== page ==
By Joseph Sale – When you’ve created characters people care about in a series, ending it can be impossible. How to do them justice? How to resolve those arcs in a satisfying way? Endings are hard enough, but the weight of your reader’s time and commitment makes it even more challenging. I was concerned going into book three of the Sick series, because I knew, as a writer, how hard this can be. I needn’t have been. Christa handles the ending with a sure and steady hand. Sick Book III is the best of the series, undoubtedly. The prose is electrifying, and after a certain critical event which changes the dynamic of the relationship forever, the book becomes un-put-downable.
Both Susan and John prove that they are not tired old characters returned for a third outing, but rather living, sinuous human beings, desperately shaped by circumstance and desperate to change their fate. The two characters grow immensely, and in often unexpected ways. Christa also plays beautifully with symbolism, irony, karma, and tackles the timeless themes of death and love in original ways. Once again she proves that it is in the micro-logical, the infinitesimally small details of the piece, that we find the truth of the whole. She speaks with immense authority about medical issues, legal and police procedures, cementing the narrative as a compellingly real story, whilst also moving the story towards epic, spiritual, redemptive territory.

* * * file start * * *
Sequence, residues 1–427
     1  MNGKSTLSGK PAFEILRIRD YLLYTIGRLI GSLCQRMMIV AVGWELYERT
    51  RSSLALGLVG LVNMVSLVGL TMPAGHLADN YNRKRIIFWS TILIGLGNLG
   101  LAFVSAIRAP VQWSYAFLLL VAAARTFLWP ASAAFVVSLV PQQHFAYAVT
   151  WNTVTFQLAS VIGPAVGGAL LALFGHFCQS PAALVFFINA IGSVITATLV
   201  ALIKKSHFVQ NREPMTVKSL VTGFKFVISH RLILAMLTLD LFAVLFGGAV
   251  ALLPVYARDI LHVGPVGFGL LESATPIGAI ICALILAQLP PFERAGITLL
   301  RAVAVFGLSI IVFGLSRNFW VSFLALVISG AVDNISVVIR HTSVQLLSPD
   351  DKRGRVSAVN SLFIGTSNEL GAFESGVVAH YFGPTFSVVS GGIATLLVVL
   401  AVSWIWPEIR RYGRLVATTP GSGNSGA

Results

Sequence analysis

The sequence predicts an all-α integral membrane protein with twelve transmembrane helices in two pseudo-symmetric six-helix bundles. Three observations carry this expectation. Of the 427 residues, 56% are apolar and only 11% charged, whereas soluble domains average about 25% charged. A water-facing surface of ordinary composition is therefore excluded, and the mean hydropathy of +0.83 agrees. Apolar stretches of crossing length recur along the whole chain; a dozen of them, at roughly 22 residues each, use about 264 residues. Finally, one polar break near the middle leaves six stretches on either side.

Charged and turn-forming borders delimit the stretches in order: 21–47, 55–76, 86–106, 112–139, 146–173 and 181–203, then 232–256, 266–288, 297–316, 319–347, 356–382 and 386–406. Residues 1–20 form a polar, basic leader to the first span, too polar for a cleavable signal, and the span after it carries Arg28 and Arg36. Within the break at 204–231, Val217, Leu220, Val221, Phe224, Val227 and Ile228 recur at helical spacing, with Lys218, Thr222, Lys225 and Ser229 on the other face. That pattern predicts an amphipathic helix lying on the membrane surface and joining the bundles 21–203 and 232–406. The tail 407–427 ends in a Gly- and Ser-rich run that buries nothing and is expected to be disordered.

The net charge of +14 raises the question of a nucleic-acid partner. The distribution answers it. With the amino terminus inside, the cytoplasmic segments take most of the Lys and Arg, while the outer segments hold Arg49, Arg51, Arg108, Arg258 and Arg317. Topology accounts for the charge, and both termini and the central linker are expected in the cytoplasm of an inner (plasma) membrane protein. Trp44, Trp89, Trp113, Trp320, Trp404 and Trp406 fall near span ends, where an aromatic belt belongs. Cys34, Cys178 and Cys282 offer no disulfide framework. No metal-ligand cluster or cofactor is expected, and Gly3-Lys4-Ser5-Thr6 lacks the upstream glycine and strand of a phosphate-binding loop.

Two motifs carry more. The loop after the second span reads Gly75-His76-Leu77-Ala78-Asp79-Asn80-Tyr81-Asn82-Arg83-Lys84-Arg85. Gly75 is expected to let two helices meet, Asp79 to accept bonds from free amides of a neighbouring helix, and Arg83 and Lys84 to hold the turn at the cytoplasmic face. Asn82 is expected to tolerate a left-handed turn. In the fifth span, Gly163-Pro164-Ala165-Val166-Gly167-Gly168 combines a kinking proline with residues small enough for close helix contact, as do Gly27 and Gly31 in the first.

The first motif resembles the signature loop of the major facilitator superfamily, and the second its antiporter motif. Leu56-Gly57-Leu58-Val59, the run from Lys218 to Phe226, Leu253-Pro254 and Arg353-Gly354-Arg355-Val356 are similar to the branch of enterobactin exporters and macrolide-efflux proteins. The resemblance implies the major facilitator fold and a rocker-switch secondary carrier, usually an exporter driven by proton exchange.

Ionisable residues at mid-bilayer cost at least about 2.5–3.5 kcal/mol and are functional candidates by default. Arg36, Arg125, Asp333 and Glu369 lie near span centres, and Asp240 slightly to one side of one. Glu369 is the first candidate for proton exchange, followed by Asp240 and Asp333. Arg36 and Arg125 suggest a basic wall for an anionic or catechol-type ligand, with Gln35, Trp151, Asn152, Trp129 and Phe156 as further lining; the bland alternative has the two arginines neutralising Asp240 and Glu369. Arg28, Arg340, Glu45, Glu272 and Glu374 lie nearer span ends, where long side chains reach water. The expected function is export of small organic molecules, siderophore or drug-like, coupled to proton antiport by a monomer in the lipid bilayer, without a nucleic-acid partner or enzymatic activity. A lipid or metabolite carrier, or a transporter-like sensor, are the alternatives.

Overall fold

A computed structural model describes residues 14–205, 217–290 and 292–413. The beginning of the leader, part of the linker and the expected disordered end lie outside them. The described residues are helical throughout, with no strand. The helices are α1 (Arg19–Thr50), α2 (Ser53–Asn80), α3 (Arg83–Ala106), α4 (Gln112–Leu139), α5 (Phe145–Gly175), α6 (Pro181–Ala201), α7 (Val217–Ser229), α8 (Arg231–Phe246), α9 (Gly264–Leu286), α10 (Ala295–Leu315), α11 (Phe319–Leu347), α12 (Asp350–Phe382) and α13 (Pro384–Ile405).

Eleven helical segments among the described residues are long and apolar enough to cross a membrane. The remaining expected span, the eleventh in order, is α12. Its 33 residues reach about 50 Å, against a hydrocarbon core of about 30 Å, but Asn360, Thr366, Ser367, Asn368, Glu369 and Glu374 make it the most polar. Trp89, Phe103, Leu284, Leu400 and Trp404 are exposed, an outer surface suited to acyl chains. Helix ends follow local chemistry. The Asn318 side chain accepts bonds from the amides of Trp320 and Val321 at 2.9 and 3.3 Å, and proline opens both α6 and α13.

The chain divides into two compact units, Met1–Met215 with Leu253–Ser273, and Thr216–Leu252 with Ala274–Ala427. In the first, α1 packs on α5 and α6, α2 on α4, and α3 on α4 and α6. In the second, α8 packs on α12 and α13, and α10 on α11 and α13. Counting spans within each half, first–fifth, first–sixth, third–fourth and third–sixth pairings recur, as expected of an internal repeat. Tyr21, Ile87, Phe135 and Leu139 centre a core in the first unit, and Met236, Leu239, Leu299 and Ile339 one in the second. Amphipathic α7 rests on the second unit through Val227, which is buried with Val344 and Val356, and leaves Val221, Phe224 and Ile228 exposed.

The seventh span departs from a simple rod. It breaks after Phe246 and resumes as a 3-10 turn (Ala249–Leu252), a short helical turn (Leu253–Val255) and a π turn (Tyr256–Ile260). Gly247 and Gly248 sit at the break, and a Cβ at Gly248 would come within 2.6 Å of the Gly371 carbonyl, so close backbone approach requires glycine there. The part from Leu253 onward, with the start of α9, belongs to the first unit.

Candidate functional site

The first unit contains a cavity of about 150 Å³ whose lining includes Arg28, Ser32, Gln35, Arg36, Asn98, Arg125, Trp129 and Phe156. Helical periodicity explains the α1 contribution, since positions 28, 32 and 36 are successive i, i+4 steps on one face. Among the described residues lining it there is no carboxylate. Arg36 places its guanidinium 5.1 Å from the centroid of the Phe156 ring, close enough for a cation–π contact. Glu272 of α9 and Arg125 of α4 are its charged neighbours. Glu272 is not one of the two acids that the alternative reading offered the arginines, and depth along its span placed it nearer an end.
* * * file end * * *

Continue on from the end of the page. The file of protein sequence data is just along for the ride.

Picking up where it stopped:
There are certainly shades of Shawshank Redemption in this novel in terms of its approach to character and its themes of psychological imprisonment, as well as shades of the Dallas Buyers Club in its portrayal of a slow evolution of character in the face of utter disintegration. The latter half of the book, where we shift from Susan’s perspective to John, is page-turning and harrowing. The prose style brilliantly mimics John’s mental and physical journey, paring down, stripping away ornamentation, until we are left with a naked prose reminiscent of Cormac McCarthy; it cuts to the core of life’s biggest questions, and resonates in a deeply moving way.
However bleak this review makes Part III, the ending is surprisingly upbeat. Christa puts her characters through the abyss and back, and in the end, she earns a hopeful flame. Although, in keeping with the rest of the series, that flame is distorted with one final, dark twist – one I honestly did not see coming.
Sick’s final gift is its last line, as Gothic as anything in Edgar Allan Poe, sending off the series and her beloved characters with a fittingly warped triumph.
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